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Takouhi: Lebanon

Takouhi Dimirdjian-Petro was born and raised in Beirut, Lebanon in an Armenian Family.  She found her way into Canada via the Vermont-Quebec border on August 21, 1986.  The Canadian Government had given permission to Lebanese citizens to enter Canada to find refuge and call it home. 

​Q: When you left Beirut, what possessions did you take with you? What important things, if any, did you leave behind?

A: When I left Lebanon, at the end of August 1983; I took nothing but a suitcase full of personal items; my poetry notebook (which I still have to this day), and my Bible, which was a gift from my mother, and I left behind many family members.

Q: Where did you live before you immigrated to Canada?

A: My Parents sent me to Los Angeles, as Canada was never in the plans. The Airport in Beirut, Lebanon was closed, as the fighting was intense around that area. My mother hired a cab with two other travelers and took me to Damascus, Syria, and sent me to Los Angeles, via Paris, France so that I could live with my eldest sister in L.A. and finish my high school. Our family was not rich and we were not even considered middle-class, but individuals from a small church in the Los Angeles area helped my eldest sister to get us flights and get us out of Lebanon one by one. After the U.S. Embassy refused to issue visa for six or seven times, I obtained a tourist visa to enter the U.S. in 1983.  Therefore, I arrived and lived in L.A. from September 1983 to August 1986. My three-month visa turned into a three-year stay, illegally. I attended an Armenian private school by the grace of scholarships that individuals helped me with. So, Los Angeles became the hub before arriving Canada.

Q: What had you heard about Canada before you came? What stereotypes/expectations did you have?

A: I do not recall knowing much about Canada. In June of 1986 my two sisters who were still in Beirut, and attempting to get to L.A. to join us, heard that the Canadian Government had opened its doors for Lebanese citizens to come and call Canada, home – “Projet du Liban”, but they needed paperwork to get on the plane to cross the ocean. These papers came at a whopping cost of $5,000.00 U.S. which someone provided for them to be able to get out of Lebanon. They arrived at Mirabel Airport and obtained a Minister’s Permit, which was the beginning of calling Canada home. After which, Ruth, one of the sisters who had arrived here, asked me if I would like to come to Canada and live a “legal life” and belong to a country that took care of its people. Next thing I know, by August 21, 1986, my mother, my two sisters, and I had completed our entrance to Canada and started to call Canada Home – The place where we belonged and beloved.

Q: Can you share a memorable experience with us about what it was like, how you were feeling when you first arrived to Canada?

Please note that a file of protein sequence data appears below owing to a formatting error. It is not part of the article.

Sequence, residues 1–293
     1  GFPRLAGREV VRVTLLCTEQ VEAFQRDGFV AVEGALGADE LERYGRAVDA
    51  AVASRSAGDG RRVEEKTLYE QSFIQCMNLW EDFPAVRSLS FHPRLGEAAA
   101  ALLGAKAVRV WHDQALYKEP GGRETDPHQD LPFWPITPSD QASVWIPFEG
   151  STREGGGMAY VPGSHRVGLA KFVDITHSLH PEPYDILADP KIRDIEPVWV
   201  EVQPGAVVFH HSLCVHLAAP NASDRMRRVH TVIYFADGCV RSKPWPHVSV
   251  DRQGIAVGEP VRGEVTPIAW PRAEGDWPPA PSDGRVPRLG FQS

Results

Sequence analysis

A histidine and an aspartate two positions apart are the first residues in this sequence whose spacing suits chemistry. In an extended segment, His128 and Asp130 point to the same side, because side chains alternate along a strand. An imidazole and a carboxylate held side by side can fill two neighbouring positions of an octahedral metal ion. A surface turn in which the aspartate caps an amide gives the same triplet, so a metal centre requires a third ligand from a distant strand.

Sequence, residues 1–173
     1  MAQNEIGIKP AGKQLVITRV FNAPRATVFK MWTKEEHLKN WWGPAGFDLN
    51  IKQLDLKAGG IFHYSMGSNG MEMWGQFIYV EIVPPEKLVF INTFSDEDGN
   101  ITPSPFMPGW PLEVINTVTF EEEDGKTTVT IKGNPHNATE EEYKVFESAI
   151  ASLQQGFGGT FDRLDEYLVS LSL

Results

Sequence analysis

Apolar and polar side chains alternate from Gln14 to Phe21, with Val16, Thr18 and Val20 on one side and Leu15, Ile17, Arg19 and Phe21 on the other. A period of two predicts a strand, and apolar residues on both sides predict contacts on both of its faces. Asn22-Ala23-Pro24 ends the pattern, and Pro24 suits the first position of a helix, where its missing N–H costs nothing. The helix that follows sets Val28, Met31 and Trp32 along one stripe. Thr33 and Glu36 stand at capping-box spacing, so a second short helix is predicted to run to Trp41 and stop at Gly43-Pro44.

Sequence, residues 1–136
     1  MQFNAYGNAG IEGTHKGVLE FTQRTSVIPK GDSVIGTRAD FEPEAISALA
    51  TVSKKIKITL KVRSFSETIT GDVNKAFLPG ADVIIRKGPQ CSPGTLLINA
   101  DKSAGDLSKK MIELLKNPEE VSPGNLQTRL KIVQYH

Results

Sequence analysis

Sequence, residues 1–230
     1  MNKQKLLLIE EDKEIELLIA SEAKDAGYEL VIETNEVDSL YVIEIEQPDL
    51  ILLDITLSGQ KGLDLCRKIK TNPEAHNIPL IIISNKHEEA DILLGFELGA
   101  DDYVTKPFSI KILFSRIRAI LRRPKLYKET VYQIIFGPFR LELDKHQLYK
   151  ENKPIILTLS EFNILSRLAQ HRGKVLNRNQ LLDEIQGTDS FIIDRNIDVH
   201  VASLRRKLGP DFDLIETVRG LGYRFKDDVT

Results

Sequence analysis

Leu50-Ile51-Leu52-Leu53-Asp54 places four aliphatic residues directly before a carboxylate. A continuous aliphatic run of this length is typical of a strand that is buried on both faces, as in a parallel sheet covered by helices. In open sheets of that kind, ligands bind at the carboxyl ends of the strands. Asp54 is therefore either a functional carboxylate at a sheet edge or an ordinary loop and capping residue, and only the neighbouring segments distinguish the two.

A: When I first arrived in Canada, I felt sad and lonely at times. Our first Winter was the hardest thing to handle. We lived in a one bedroom apartment in “Park Extension” of Montreal (Boulevard de l'Acadie & Rue Saint Roch), where the closest bus route was five blocks away. In the winter those five block walks seemed like an eternity.

I had worked as a cashier, under the table, in L.A. and never knew the life of a 9-5 manufacturing employment. Everywhere we went to look for a job we were asked if we had the Canadian experience (I wanted to tell the people, give me the job so that I can get the Canadian Experience – but I did not). Other times we were asked if we were bilingual. Yes, we spoke other languages besides English, but they were not the right ones. We needed to learn French, English, Armenian and Arabic were not enough.  

At last we found work at a company that received clothing for Eaton, Sears and The Bay from China. We were to open the packages, hang the clothes on hangers and put them through the dry-cleaning machine.

The prerequisite to get a work permit was to find a job first. The situation was more tricky than one would think. So, after a few weeks of working, the employer gave a letter with our check stubs as proof that we have a job. This letter was hand-written on a cardboard that came out of a shirt packaging. I remember to this day that the immigration officer was stunned to see such a letter of employment. I wish I had a picture of it….

But through all these hardships the Armenian Evangelical Churches and other individuals kept on helping us and making us feel welcome. We were within walking distance from two Armenian Evangelical Churches and they both embraced us. On the other hand, a lady that attended the Armenian Apostolic Church had heard of our family and connected us with a Catholic Church in Ville St. Laurent who gave us furniture to fill our one-bedroom apartment and have a “normal” life. We could barely communicate with the priest, as he only spoke French, but their hospitality and love made all communication obstacle disappear.

If it was not for all the ecumenical help, both physical and emotional, that came to us from left and right, we would not know how we would have survived.  

Did you experience “culture shock”? Was it hard to adapt? If so, what was challenging?